A jet fighter with no one left to fight

Threat: The Air Force, in a bid to justify the costly fighter, searches for new missions to ensure its future

July 19, 1999|By Greg Schneider | Greg Schneider,Sun Staff

Imagine the scene: Four advanced Soviet fighter planes streak across communist Poland for a confrontation with NATO. Suddenly, the lead jet erupts in a fireball, followed quickly by the next three.

As the surviving pilots drift toward the ground in parachutes, they finally get a glimpse of their attacker -- a single U.S. F-22 Raptor fighter jet, all but invisible to radar, roaring by at supersonic speed.

Unfortunately for the Air Force and Lockheed Martin Corp., that scene no longer relates to the real world, where the fall of communism and the collapse of the once mighty Soviet military have eliminated the adversary for which the F-22 was designed.

Now the $62.7 billion program soldiers on into a far different world of terrorist attacks and ballistic-missile threats. Even while the conflicts in Iraq and Yugoslavia demonstrated that major air-to-air battles no longer are likely, supporters of the F-22 have ensured its survival in part by exaggerating the foreign military threat.

Advocates have resorted to noting the dangers of countries such as Canada and Australia, contradicting another branch of the military and coining terms for the jet such as "information platform" in an attempt to reinvent its mission and keep it relevant.

But even some who admire the jet say the military is overstating the need for it, especially at a time when the services say they cannot afford to keep troops ready to fight.

"The F-22 will be the best fighter in the world, no doubt about it. But there ain't any opposition out there," said Williamson Murray, visiting professor of military history at the Army War College. "It's sort of like holding a boxing tournament for a high school and bringing Mike Tyson in."

The Air Force itself characterizes the F-22 as overkill, saying it wants its pilots to have an overwhelming advantage.

Anyone who has been in battle would applaud that goal, said William E. Odom, a retired Army general and former head of the National Security Agency. It's just that the fractured, post-Cold War world has changed the rules.

"The F-22 is like somebody buying an 18-wheeler truck who needs a slick sedan to take him up to a bank meeting. It's a misfit," Odom said.

Creating a new mission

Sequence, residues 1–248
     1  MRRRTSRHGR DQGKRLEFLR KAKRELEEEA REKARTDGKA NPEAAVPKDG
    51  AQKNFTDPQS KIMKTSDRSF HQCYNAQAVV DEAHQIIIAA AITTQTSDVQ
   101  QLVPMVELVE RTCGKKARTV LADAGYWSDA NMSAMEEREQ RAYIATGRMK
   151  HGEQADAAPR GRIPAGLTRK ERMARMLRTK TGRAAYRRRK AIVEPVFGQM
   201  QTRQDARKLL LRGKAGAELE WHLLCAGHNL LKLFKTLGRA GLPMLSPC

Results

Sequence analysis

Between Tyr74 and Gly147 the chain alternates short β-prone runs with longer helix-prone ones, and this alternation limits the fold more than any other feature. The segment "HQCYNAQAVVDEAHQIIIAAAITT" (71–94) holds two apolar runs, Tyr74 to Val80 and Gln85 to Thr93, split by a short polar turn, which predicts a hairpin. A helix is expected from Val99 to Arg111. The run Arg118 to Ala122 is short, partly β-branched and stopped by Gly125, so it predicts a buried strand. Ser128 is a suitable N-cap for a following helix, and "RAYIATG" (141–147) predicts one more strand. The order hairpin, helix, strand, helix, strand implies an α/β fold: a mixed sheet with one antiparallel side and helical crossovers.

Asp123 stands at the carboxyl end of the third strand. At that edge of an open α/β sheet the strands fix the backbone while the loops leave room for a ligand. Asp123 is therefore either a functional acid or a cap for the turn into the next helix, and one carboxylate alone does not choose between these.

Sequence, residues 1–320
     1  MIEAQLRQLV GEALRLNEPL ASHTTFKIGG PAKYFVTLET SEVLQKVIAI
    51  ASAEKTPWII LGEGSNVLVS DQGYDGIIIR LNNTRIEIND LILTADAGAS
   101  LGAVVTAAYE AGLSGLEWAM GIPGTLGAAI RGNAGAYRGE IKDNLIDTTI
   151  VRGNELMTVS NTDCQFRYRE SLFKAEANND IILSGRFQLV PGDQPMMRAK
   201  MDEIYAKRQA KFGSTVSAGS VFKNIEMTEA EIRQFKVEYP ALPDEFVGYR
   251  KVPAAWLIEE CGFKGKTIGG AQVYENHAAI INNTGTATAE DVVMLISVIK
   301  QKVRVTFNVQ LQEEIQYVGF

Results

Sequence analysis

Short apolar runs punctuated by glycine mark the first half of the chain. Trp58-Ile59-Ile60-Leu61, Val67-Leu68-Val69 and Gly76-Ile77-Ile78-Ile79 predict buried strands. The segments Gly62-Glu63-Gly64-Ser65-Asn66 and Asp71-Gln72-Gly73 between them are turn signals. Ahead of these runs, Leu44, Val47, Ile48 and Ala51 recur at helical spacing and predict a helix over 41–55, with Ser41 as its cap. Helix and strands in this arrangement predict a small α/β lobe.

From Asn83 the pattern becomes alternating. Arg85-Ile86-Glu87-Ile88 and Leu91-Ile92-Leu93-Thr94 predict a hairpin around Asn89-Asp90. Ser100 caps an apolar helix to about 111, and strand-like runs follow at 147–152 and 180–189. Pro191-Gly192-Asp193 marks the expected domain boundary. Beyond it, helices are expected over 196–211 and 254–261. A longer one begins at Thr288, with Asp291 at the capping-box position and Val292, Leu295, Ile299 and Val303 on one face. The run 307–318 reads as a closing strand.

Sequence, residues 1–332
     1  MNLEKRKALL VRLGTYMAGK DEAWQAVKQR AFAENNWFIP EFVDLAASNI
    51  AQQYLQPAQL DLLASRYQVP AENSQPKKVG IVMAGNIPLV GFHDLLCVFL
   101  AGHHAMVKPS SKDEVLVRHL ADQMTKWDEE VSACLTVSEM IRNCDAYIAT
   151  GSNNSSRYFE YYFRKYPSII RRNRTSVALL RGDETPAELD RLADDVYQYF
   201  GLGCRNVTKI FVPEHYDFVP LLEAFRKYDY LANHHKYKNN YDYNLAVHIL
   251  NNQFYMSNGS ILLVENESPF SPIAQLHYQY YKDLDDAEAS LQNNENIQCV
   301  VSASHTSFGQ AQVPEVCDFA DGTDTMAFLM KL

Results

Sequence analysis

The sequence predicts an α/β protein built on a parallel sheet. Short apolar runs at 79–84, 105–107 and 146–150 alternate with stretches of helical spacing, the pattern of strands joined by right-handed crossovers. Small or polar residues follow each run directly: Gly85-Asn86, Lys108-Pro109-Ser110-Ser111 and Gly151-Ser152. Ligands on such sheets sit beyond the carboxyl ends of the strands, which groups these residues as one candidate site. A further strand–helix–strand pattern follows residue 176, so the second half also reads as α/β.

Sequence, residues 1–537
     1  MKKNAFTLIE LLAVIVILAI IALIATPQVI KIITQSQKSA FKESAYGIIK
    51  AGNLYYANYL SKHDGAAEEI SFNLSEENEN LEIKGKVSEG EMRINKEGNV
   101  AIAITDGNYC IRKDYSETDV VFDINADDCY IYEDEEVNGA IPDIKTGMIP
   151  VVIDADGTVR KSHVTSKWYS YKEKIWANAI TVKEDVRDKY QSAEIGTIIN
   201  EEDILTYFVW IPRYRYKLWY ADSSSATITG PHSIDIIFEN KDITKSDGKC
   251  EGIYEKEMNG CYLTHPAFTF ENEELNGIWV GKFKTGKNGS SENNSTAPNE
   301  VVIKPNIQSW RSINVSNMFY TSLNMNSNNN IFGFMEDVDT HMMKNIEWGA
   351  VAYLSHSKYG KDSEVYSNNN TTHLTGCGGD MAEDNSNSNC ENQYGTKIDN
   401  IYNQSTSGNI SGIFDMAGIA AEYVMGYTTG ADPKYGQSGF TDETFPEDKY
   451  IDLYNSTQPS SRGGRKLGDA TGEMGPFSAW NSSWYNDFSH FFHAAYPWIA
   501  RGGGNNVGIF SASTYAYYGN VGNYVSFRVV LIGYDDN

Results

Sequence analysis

After the Berlin Wall fell in 1989, Congress and the military struggled to understand the significance of what was already being called "the year of revolution."

Rep. John R. Kasich, an Ohio Republican, complained early in 1990 that he had seen a military presentation that morning on nuclear strike capability followed by a debate on sending aid to Russia. "What is going on here? Where really are we in the world, and what is our approach going to be?" Kasich pleaded.

Many sensed a rare opportunity to pare whole programs from a defense budget still swollen from the Reagan buildup. Then-Defense Secretary Richard B. Cheney said in a special round of hearings that he had commissioned a "Major Aircraft Review" to see whether four costly warplane programs were still needed.

One of them was the Air Force's Advanced Tactical Fighter, or ATF, which would become the F-22. The plane had been created for a specific reason:

"We are designing the ATF to [combat] ... a technologically advanced, numerically superior enemy," the Air Force had reported in 1987 and 1988. "The program schedule is driven by the threat: The Soviets are already fielding new fighters" that match current U.S. jets, the F-15 and F-16.

Behind the scenes, some in the Pentagon knew that the F-22 would survive the Major Aircraft Review -- not because of military necessity, but because the people assessing the fighter had supported it all along.

"Given the composition of the working-level staff on the review, it is not likely that anything but 'press on' would be supported from the 'analytical' data," Ronald G. Garant, director of investment for the Pentagon's financial office, warned in a March 1990 memo to his boss.

Garant, who still holds that position but declined to discuss the memo, wrote that three programs -- the B-2 stealth bomber, the Navy's A-12 Avenger attack plane and the early version of the F-22 -- were going to be justified regardless of outside concerns such as cost and need. "All three of these programs suffer from having been born in the undisciplined world of compartmented programs where money is no object and the realities of the world are never a consideration."

Of those three, only the F-22 has survived in something like its original form. The B-2 was scaled far back, and the A-12 was canceled.

Clearing Cheney's review with only a two-year program delay was a milestone for the F-22. The next year, 1991, the Air Force chose Lockheed Corp. and its partners Boeing Co. and General Dynamics Corp. to build the F-22 over a competing proposal from Northrop and McDonnell Douglas Corp.

From then on, even as the Soviet Union dissolved, the Air Force gathered momentum in recharacterizing the plane to protect it from its Cold War origins.

'Exaggerated threats'

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